Treasures of The Library of Orfeó Català

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MEDIEVAL AND RENAISSANCE CODICES

Musical notation and liturgical practices from the Early Middle Ages to the 17th century are found in this selection, including old musical notations or plainsong books, which stand out in their organisation and origin.

 

Ars Nova: Manuscript 2 of the Orfeó Català

Manuscript 2 of the Orfeó Català. Early 15th century. Manuscript music, 8 f. (29 x 20 cm)

 

Ars Nova: Manuscript 2 of the Orfeó Català

Ars Nova: Manuscript 2 of the Orfeó Català

Fascicle of eight folios of parchment, with modern numbering and binding. An inscription on folio 8v leads us to infer that, around 1400, it belonged to a student, a native of the Catalan-Aragonese Crown, of the Bologna School of Glossators. It contains four polyphonic musical passages of the Ars Nova stylistic period. This is characterised by the use of note lengths shorter than the semibreve – the relevant equivalent to the modern value of a quarter note −, the beginning of writing that is much closer to the present day practice of polyphony; and also by its use of binary bars as opposed to the exclusive use of ternary bars of the preceding period. What Ars Nova introduced in the writing system of western music is the use of the four basic measures: 2/4, 6/8, 3/4 and 9/8.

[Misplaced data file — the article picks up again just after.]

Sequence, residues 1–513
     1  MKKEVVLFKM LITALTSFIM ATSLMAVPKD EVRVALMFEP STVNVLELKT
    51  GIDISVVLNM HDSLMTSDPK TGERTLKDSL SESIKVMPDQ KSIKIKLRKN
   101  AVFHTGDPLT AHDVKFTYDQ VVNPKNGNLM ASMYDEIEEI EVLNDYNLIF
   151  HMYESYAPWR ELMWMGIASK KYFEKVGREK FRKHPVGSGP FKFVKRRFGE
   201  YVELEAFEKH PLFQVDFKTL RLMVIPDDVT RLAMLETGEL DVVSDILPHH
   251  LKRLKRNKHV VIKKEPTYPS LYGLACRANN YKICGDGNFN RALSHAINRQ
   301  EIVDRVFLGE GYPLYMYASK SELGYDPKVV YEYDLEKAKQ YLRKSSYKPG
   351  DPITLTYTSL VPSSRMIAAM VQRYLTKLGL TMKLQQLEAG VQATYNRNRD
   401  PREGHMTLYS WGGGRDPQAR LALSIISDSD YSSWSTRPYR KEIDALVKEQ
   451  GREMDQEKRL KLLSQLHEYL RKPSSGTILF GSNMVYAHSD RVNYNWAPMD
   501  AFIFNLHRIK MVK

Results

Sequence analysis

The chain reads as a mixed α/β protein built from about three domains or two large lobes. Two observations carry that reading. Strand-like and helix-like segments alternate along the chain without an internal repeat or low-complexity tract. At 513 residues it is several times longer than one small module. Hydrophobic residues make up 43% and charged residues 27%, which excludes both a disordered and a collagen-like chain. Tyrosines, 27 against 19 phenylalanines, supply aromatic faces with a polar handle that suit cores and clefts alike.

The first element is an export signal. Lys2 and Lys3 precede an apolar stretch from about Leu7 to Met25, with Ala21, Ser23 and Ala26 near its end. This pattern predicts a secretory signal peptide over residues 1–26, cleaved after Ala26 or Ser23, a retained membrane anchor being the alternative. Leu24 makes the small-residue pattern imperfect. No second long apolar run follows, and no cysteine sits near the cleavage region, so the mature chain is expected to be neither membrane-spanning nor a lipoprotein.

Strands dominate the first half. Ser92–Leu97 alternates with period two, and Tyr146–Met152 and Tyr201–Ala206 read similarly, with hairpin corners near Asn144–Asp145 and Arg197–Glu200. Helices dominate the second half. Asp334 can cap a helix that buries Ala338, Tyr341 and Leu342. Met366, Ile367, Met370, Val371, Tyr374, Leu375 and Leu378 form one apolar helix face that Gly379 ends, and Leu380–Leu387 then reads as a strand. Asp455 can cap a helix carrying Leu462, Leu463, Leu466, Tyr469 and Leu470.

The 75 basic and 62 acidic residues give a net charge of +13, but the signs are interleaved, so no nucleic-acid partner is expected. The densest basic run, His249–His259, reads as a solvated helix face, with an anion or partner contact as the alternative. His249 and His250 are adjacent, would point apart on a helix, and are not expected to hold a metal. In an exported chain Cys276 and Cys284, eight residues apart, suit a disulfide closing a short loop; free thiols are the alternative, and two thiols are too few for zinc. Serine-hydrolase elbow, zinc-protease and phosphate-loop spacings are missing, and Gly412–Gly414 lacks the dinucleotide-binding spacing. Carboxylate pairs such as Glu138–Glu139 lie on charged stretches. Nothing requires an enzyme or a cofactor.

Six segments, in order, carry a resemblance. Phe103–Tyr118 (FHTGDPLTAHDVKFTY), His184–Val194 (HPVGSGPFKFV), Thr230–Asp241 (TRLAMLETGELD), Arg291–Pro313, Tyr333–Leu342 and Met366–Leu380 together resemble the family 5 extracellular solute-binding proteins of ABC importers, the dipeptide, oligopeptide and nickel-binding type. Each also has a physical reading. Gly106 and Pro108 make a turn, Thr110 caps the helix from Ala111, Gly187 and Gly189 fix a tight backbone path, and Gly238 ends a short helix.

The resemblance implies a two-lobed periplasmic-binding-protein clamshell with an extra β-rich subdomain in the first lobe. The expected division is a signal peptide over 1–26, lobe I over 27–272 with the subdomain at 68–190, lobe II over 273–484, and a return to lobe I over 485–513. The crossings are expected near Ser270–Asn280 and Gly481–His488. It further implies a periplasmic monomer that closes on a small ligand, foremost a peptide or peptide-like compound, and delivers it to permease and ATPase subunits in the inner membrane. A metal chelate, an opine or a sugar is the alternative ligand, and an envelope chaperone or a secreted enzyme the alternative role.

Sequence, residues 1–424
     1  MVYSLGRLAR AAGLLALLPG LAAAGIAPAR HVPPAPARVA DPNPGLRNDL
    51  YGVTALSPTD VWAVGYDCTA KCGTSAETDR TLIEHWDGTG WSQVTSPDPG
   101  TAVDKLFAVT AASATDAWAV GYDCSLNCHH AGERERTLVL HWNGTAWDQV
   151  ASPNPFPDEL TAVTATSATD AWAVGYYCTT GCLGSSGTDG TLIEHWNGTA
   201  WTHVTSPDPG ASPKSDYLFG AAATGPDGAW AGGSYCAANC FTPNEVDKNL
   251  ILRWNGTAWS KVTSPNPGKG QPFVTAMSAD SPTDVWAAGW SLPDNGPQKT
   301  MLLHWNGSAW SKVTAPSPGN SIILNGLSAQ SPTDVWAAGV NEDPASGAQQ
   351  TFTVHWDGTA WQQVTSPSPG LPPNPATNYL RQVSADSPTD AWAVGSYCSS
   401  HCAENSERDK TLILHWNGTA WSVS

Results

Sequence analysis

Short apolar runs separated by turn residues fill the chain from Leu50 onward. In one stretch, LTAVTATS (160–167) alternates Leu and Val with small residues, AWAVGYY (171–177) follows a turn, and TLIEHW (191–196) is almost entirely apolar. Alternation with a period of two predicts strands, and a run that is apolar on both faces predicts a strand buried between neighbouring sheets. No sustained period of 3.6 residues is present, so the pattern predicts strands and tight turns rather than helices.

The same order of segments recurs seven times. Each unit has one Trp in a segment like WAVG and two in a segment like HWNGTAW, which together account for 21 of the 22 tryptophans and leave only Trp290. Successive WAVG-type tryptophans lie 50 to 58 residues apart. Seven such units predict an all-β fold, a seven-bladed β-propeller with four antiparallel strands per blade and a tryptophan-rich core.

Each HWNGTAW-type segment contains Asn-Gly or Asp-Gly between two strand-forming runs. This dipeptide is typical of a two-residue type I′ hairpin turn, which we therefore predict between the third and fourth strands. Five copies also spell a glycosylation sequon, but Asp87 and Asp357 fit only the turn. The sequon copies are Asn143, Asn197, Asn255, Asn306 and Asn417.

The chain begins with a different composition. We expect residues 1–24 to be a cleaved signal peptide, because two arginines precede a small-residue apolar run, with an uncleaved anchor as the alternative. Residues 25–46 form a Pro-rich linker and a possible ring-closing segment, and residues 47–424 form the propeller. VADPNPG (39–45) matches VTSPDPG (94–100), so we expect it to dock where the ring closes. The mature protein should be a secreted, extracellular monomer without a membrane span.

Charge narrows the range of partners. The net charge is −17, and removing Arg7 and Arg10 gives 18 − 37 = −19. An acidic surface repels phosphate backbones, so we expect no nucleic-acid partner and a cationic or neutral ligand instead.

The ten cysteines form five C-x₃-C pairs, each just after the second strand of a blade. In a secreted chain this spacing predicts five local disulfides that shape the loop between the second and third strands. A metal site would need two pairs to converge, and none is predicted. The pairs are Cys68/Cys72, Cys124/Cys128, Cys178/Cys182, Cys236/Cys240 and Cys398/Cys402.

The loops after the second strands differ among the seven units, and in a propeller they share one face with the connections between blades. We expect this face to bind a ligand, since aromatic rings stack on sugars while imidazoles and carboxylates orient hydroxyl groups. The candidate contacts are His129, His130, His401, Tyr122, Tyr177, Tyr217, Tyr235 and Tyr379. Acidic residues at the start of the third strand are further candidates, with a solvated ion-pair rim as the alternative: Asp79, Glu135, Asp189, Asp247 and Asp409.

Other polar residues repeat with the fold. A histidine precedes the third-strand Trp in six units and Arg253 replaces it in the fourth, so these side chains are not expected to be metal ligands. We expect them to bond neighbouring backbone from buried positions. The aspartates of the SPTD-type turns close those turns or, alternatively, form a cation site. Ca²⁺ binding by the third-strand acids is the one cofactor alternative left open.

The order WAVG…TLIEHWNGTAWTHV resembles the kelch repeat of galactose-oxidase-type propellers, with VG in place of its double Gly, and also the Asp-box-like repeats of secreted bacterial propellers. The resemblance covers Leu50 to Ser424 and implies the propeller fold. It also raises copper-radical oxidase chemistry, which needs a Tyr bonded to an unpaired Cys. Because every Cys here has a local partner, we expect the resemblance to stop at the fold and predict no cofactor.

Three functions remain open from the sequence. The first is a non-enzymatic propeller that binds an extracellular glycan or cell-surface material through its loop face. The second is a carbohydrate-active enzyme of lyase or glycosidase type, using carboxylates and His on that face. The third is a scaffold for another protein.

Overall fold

The first passage of this part is an anonymous Gloria “Splendor patris”; this is followed by an Agnus that has not been found in any other manuscript. The third piece is a Credo attributed to the theorist and composer Petrus Tailhandier. Finally, there is the KyrieSumme clementissim”’ by the otherwise unknown Johannes Graneti. Aside from the Agnus, which is in two voices, the repertoire is in three voices; it constitutes an incomplete cycle of the Ordinary of the Mass whose copy, poorly done, reveals that the scribe is a musical apprentice. Folio 1v, written in a different hand than the rest of the manuscript, is the only one without errors.

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